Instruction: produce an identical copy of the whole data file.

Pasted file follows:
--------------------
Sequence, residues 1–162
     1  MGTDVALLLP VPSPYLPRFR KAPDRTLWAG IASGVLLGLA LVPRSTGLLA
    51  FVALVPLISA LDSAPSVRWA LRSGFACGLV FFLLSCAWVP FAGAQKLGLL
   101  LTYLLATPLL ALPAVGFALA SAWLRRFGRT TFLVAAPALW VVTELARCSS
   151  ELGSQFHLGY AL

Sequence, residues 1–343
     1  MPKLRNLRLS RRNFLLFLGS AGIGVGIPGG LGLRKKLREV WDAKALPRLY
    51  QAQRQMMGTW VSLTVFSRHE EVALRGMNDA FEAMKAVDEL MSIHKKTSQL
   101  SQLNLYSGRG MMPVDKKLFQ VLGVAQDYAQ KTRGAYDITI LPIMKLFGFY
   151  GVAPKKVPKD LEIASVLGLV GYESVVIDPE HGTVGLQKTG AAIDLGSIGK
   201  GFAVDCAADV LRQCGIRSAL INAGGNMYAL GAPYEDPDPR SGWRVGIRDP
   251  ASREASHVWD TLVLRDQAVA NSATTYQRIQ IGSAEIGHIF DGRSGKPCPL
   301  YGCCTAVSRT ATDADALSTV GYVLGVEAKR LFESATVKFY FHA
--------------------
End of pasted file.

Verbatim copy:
Sequence, residues 1–162
     1  MGTDVALLLP VPSPYLPRFR KAPDRTLWAG IASGVLLGLA LVPRSTGLLA
    51  FVALVPLISA LDSAPSVRWA LRSGFACGLV FFLLSCAWVP FAGAQKLGLL
   101  LTYLLATPLL ALPAVGFALA SAWLRRFGRT TFLVAAPALW VVTELARCSS
   151  ELGSQFHLGY AL

Sequence, residues 1–343
     1  MPKLRNLRLS RRNFLLFLGS AGIGVGIPGG LGLRKKLREV WDAKALPRLY
    51  QAQRQMMGTW VSLTVFSRHE EVALRGMNDA FEAMKAVDEL MSIHKKTSQL
   101  SQLNLYSGRG MMPVDKKLFQ VLGVAQDYAQ KTRGAYDITI LPIMKLFGFY
   151  GVAPKKVPKD LEIASVLGLV GYESVVIDPE HGTVGLQKTG AAIDLGSIGK
   201  GFAVDCAADV LRQCGIRSAL INAGGNMYAL GAPYEDPDPR SGWRVGIRDP
   251  ASREASHVWD TLVLRDQAVA NSATTYQRIQ IGSAEIGHIF DGRSGKPCPL
   301  YGCCTAVSRT ATDADALSTV GYVLGVEAKR LFESATVKFY FHA